Arianna Foster
Published by Arianna Foster
Last Updated On: August 10, 2022

A few years back, when I was pregnant with my younger son, I craved BBQ and deli, but I was curious to see whether it would be good for me and my growing baby.

So, I consulted a dietician and my gynecologist to understand if it was safe to eat meat during my pregnancy. More precisely, I wanted to see if there was any type of meat I should avoid altogether.

Here's what I found.

Summary of the Key Findings

  • Meat is a good source of protein for the mother and the baby.
  • The best meat for pregnant mothers includes chicken and liver.
  • Consuming red meat in excess can cause health risks like gestational diabetes.

Meat and Pregnancy

A pregnant woman using a laptop

Meat is enriched with all the nutrients and minerals that can help the mother and the baby. It's, however, essential to take precautions when consuming it during pregnancy.

When eating meat during pregnancy, it's best to ensure the meat is thoroughly washed and cleaned before you start the cooking process. Cook the meat until well done and ensure no traces of blood or pinkish color.

It's recommended that you should avoid eating raw shellfish, corned beef, or cured deli meats unless they're steaming hot or at 165° Fahrenheit. This reduces the risk of food poisoning caused by eating raw meat or undercooked one.

Pregnant women are at a higher risk of getting food-borne illnesses from poultry and red meat when eaten raw because they have low immunity and the baby's growing immune system is not strong enough to fight such diseases [1].

4 Best Types of Meat to Eat During Pregnancy

Close up shot of raw meat

Here are the 4 best types of meat that you can eat during pregnancy:

  1. Lean Meat: Lean meat, like veal, gives you lean proteins that lower blood pressure and boost good cholesterol (LDL) [2].
  2. Chicken Breasts: Chicken is an excellent source of protein necessary for the baby's body development. It's a white meat that gives about 3.5 daily protein per 100g serving.
  3. Salmon: A balanced diet with salmon is highly recommended for pregnant women because it's one fish with low mercury levels. It's also good for the developing baby because it has omega-3 fatty acids and vitamin D [3].
  4. Liver: During pregnancy, iron is a woman's best friend, and the liver is fully loaded with these key nutrients such as folic acid [4]. It's advisable to cook the liver very well and eat it while it's hot with leafy vegetables for more iron.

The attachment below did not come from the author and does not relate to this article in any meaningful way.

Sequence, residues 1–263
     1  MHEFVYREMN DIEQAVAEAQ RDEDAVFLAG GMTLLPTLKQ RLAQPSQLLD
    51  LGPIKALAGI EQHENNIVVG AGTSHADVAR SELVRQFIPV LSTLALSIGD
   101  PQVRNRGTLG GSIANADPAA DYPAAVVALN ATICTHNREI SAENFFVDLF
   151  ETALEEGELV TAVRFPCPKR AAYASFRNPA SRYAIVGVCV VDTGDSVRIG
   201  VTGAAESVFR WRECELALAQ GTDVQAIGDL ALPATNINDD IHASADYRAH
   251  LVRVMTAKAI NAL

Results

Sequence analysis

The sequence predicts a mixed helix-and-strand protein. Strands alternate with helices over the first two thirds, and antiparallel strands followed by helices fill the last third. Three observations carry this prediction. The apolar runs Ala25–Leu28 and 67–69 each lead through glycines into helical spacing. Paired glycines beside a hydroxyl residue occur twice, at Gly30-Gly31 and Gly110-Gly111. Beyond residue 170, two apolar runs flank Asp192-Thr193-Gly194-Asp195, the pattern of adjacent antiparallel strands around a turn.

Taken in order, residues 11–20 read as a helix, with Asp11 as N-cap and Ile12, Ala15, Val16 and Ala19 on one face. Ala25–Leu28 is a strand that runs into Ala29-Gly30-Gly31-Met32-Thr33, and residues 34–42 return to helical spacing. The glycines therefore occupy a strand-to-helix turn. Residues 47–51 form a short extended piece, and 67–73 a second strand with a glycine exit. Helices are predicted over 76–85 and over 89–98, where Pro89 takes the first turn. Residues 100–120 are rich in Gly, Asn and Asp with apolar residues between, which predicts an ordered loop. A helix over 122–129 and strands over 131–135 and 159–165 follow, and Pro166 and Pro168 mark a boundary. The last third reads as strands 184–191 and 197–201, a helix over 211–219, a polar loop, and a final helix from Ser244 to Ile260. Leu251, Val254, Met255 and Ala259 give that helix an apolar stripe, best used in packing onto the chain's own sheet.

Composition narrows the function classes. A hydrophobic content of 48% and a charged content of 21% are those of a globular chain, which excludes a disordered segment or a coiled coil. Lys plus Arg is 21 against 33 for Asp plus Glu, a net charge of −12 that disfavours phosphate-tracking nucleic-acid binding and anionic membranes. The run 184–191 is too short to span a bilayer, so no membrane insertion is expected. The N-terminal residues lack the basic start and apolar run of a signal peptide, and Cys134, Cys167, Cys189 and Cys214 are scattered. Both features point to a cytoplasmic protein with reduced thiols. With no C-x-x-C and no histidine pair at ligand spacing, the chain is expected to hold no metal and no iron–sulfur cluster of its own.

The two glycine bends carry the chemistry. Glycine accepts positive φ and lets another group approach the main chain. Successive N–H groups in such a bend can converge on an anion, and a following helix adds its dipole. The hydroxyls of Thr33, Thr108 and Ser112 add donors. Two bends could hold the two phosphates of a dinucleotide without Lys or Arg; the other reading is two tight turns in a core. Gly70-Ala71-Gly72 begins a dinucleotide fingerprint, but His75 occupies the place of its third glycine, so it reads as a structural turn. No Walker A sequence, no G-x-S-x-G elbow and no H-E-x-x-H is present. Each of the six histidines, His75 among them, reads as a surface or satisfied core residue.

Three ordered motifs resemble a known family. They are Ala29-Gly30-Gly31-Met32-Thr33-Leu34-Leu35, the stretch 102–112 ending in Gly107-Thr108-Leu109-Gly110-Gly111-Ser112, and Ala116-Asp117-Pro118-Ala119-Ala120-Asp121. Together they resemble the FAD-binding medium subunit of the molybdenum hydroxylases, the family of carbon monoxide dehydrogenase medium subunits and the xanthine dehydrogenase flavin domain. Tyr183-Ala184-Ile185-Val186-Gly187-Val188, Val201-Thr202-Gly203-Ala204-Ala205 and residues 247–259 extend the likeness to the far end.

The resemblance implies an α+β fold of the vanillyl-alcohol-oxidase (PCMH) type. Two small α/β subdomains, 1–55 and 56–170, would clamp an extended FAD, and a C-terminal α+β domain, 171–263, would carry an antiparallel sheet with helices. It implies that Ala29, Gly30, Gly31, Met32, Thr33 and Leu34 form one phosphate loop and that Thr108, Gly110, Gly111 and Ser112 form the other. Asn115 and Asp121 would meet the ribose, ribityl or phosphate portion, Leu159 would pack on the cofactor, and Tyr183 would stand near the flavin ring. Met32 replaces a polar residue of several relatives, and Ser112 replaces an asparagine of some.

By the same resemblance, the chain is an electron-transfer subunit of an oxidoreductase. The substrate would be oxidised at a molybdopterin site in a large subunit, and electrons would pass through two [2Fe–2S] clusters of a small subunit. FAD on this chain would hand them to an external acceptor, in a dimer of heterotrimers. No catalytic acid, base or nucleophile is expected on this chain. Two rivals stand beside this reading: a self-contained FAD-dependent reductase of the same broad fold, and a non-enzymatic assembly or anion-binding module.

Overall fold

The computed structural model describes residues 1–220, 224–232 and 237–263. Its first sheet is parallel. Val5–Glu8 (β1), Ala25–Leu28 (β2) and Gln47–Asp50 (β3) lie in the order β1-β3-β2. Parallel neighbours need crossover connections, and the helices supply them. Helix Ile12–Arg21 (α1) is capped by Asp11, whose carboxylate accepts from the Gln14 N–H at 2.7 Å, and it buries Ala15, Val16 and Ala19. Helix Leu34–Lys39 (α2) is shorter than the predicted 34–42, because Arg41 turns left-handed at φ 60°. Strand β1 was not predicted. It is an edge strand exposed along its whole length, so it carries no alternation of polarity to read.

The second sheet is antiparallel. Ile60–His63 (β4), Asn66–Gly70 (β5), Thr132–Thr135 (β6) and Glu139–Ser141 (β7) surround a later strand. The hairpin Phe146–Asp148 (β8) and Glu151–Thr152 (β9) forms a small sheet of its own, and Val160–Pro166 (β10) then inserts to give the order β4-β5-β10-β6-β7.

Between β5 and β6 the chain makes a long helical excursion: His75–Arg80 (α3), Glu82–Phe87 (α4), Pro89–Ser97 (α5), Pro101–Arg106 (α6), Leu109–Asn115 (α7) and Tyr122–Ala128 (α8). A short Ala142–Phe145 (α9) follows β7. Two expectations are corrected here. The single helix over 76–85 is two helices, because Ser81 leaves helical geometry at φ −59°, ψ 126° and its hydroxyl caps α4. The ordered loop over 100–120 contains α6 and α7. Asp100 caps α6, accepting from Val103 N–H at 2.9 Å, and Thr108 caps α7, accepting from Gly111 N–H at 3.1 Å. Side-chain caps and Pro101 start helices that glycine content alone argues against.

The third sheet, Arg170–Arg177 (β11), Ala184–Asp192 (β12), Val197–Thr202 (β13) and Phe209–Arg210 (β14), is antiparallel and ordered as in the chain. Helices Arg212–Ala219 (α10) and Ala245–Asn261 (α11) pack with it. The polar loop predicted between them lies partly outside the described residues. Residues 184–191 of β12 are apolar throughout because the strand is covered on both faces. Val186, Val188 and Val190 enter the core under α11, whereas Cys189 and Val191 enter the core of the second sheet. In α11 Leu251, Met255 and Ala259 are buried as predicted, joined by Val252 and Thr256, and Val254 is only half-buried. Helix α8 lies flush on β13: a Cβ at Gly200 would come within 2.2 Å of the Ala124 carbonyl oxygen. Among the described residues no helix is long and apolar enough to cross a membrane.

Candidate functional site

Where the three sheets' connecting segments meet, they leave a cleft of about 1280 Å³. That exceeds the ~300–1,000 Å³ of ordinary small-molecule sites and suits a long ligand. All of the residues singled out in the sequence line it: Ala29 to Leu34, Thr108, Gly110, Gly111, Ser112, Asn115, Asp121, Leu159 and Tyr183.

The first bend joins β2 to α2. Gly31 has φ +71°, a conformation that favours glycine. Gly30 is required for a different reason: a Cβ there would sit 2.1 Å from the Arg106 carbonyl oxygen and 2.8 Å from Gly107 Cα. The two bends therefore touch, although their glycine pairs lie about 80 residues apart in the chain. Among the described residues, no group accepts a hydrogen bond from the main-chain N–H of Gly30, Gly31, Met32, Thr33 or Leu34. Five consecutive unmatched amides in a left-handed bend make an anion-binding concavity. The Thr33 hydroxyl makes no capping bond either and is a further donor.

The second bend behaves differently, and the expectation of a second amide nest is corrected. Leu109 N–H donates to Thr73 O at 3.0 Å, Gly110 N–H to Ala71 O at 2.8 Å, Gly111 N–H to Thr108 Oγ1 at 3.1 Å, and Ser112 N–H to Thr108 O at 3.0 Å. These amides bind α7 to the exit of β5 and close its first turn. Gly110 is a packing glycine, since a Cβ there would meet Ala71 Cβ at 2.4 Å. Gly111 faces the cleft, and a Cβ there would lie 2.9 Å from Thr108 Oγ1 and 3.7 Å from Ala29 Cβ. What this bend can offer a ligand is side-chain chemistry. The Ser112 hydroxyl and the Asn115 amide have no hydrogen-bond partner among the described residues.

3 Health Benefits of Meat in Pregnancy

Eating the right amount of meat comes with great benefits.

1. Protein Source

A cluster of sources of protein on a table

Protein is an essential nutrient because they deliver the cornerstones for the development of developing fetus tissues immediately after conception.

In addition to the amniotic fluid, proteins are involved in forming the uterine wall and the placenta. Protein is also suitable for increasing a baby's birth weight and general body development [5].

Pregnant women should eat 71g of proteins per day, equivalent to around 5 ounces of lean meat. And if you’re on a vegetarian or vegan diet, eat meals that’ll maximize your protein dietary supplements.

2. Rich Iron Source

Quality red meat contains Heme-iron that's more easily absorbed than the nonheme iron' locked proteins' found in a plant-based diet [6].

Pregnancy increases the need for these essential nutrients even more than usual, particularly in the third trimester of the pregnancy.

During pregnancy, the body is forced to produce new blood supplies to transport nutrients to the fetus [7]. 

And if there's no iron, there'll be a shortage of blood cells to generate blood for the mother and the baby. More iron is needed to increase maternal red cell mass to replenish the placenta and the fetus [8].

3. Omega 3 Fatty Acids for Fetal Development

Close up shot of a salmon dish with rice on a teal plate

During pregnancy, it is strongly advised to consume meat, mainly fish, to obtain the precious long omega-3 fatty acids, such as docosahexaenoic acid (DHA), which are also present in red meat though in smaller quantities.

DHA is one of the primary building elements of the cellular membrane and is required to create fresh tissue, particularly for the fetal growth of the brain, nervous system, and retina, all of which continue to evolve within the first pregnancy months [9].

Side Effects Of Excess Meat

Even though meat spreads have excellent health benefits, there are some severe side effects of consuming it in excessive amounts.